US4349019 *Jul 14, 1981Sep 14, 1982Kimberly-Clark CorporationSurgical leggings
US4974604 *Nov 17, 1988Dec 4, 1990Johnson & Johnson Medical Inc.Surgical drape with fluid collection system
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US6179819Sep 9, 1999Jan 30, 2001John N. HaswellUmbilical cord blood collection
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US7086409Jul 15, 2004Aug 8, 2006Promethean Medical Technologies, Inc.Fluid control island
US7299803Dec 27, 2000Nov 27, 2007Ams Research CorporationPelvic surgery drape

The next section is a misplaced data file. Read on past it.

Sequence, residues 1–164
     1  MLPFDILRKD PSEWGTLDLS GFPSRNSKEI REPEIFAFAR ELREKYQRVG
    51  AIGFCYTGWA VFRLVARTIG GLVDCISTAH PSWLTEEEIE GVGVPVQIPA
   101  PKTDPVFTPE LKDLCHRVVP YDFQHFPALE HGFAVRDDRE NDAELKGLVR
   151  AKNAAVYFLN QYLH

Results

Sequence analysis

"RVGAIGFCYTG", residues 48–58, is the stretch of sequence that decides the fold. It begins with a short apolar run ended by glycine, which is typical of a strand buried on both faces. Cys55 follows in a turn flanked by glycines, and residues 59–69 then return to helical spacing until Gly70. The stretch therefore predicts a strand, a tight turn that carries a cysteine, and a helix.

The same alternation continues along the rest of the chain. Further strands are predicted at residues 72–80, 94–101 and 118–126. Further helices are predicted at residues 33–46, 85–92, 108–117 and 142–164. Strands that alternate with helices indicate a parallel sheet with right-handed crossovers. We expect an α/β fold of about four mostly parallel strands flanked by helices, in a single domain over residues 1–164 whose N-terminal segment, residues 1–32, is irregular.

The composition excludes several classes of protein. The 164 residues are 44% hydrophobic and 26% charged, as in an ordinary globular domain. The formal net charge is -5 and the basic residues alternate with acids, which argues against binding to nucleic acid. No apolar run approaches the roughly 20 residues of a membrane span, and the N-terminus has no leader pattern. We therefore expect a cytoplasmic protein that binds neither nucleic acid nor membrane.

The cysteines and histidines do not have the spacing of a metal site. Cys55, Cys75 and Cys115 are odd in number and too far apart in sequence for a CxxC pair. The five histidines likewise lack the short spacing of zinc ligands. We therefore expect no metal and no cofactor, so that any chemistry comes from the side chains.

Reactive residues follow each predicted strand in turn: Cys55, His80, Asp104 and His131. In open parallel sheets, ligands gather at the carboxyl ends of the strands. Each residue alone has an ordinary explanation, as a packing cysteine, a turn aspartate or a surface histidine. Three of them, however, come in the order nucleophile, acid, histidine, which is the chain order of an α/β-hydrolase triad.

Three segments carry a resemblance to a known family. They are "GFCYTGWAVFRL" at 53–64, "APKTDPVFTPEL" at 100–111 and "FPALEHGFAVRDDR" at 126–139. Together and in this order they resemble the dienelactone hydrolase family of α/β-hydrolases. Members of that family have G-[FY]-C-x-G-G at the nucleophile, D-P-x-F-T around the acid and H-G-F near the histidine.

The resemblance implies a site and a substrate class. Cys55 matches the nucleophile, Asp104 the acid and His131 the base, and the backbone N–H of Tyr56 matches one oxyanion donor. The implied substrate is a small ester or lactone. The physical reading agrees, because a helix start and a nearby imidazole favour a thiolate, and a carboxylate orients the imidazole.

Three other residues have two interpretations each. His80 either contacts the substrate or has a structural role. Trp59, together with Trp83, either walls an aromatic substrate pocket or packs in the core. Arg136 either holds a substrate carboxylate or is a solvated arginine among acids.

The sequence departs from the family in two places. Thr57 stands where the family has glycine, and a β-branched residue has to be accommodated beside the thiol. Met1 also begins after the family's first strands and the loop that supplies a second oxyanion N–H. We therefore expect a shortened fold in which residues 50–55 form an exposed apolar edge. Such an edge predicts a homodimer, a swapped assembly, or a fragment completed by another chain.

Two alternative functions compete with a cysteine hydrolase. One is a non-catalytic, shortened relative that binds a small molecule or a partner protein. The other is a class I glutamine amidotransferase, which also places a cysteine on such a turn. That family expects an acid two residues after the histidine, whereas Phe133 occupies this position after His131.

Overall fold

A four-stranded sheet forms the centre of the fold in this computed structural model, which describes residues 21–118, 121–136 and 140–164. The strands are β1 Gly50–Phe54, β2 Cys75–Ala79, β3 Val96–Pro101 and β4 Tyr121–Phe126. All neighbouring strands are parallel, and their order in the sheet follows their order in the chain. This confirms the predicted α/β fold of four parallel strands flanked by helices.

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EP0182766A2 *Nov 15, 1985May 28, 1986Mölnlycke ABA surgical drape
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EP2364667A1 *Dec 8, 2010Sep 14, 2011VygonUnderbottocks drape especially for labor
EP2845558A1 *Sep 5, 2014Mar 11, 2015VygonMulti-position drape for child delivery
U.S. Classification604/357, 128/849
International ClassificationA61B19/00, A61B19/08
Cooperative ClassificationA61B19/087
European ClassificationA61B19/08G
Legal Events
May 18, 1990AS17Release by secured party
Effective date: 19900328
May 18, 1990ASAssignment
Effective date: 19900328
Sep 13, 1982AS06Security interest
Effective date: 19820622
Sep 13, 1982ASAssignment
Effective date: 19820622
Mar 11, 1982ASAssignment
Mar 11, 1982AS02Assignment of assignor's interest
Owner name: PARKE, DAVIS & COMPANY :